Story by David Wesley Photos by Jeff Lilly
San Francisco may implement one of the strictest bottled water bans in the country if the Board of Supervisors approves a proposal to ban its sale on public property. The proposed legislation from Supervisor David Chiu would gradually phase in a ban on the sale of bottled water of 21 fluid ounces or less on all city properties with leases signed after 2014 and at concerts, large events, parks and food trucks. “Given our access to incredibly healthy clean and tasty Hetch Hetchy water, which is some of the highest quality municipal tap water in the country, it just doesn’t make sense for us to have this addiction to plastic water bottles,” Chiu told the San Francisco Examiner. [Pub. note: The Hetch Hetchy Reservoir provides San Francisco with its drinking water.]
The city’s Board of Supervisors approved the measure unanimously in May; it will head to the mayor’s desk after one more board approval. Violators of the ban found selling plastic water bottles 21 oz. or below on city grounds after October 2015 will be subject to a fine up to $1000, according to the San Francisco Examiner. The ordinance exempts sporting events and gives food trucks and large nonprofits until 2018 to comply with the new ordinance. “We all know with climate change, and the importance of combatting climate change, San Francisco has been leading the way to fight for our environment,” Chiu said, according to SFGate. “That’s why I ask you to support this ordinance to reduce and discourage single-use, single-serving plastic water bottles in San Francisco.”
San Francisco isn’t the first city to consider such a policy. For years there has been concern in Ferndale on how to affordably keep the city clean. As a city big on recycling and re-purposing, it’s no surprise both the citizens and politicians of Ferndale have discussed more beneficial means of recycling. Former Ferndale Mayor Craig Covey weighed in with Ferndale Friends about similar pieces of legislation he proposed for the city. “When I was on Council and Mayor, I got a resolution passed that the City itself would not buy water in plastic bottles, though I doubt if anyone follows that anymore. We also wanted to ban plastic bags at stores, grocery stores, but our city attorney claimed that we would not have the right to do so, that state law may trump our ability to do that.”
Not everyone approves of banning plastic, however. Former School Board President Keith Warnick has worked in the plastics industry for 40+ years, and he describes the proposed ordinance as “Just another in a long line of ‘feel good’ legislation suggestions that we have been hearing for years.
The number of plastic bottles (PET) being recycled has doubled in the last ten years to nearly 30 per cent. With continued education of our citizens and young children we can expect thosenumbers to continue to rise. Those bottles save about 4 barrels of oil for every ton recycled and there are millions of tons recycled. They become items such as clothing, carpets, filling for pillows; insulation, baby seats, benches and non-food containers and more. Some of the top beverage manufacturers are advancing technology and addressing consumer’s concerns. Nestle, maker of Resource® & Arrowhead® bottled water, has reduced their plastic content by nearly 40 per cent while using 50 per cent r- PET (recycled PET) in many of their bottles. They also contribute to the Michigan economy with a bottled water plant in Stanwood, Michigan. Recycling uses less energy than producing new bottles.”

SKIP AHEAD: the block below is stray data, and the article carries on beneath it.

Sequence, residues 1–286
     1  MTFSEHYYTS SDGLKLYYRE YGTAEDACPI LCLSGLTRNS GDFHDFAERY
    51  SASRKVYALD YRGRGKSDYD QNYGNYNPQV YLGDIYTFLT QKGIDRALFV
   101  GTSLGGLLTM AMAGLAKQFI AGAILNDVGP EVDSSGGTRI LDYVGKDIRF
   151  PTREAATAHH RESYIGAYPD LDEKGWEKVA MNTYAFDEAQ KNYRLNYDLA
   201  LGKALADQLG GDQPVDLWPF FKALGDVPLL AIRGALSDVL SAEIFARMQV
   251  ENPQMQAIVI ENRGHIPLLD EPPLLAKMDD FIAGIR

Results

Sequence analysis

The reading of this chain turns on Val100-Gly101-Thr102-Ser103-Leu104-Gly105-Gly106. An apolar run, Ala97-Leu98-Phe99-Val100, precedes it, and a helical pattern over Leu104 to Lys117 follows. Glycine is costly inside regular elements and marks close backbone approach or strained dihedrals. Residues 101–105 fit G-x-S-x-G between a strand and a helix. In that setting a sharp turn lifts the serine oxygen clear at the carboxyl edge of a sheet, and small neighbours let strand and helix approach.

In San Francisco, the sales ban at events of 100 attendees or more on public property would be fully implemented in 2016, and the City would need to ensure there is access to an alternative potable water supply. To make the initiative feasible, the city will study how to better supply water at events and prioritize installation of water fountains and reusable bottle filling stations.
Similar steps could be taken in Ferndale to help reduce the city’s annual city spending. Prohibiting the use of City money to purchase bottled water could send an extraordinary ripple throughout Ferndale’s economy, just like in San Francisco, where the initiative shaved $500,000 off of annual city spending on a product environmentalists warn creates waste and uses excessive natural resources.
Business Insider estimates that bottled water production uses 17 million barrels of oil per year and requires triple the amount of water to make a bottle as it does to fill it. “We thought it’s important for the city to set our own example first to show that this can be done easily, well and in an environmentally conscious way,” Chiu said.
San Francisco’s ban follows similar laws elsewhere. Concord, Massachusetts outlawed all sales of single-serving bottled water in the city in January. Currently, for Ferndale, such serious steps have not yet been taken, but many people would like to see a greener Ferndale, helped along by introducing and imposing sensible legislation that concerns itself not only with the status quo, but with the economic and ecological concerns of our time. Americans use 50 billion plastic water bottles a year, according to an anti-plastic bottle campaign called Ban the Bottle, and just 23 per cent of those are recycled. If the political leaders in Ferndale would seriously consider adopting a similar initiative, the impact both economically and environmentally could help boost the city further at home and nationally. Steps are being taken in both East and West Coast cities. Maybe it’s time for the best that Middle America has to offer, to reach for a working model for healthier and wealthier cities.
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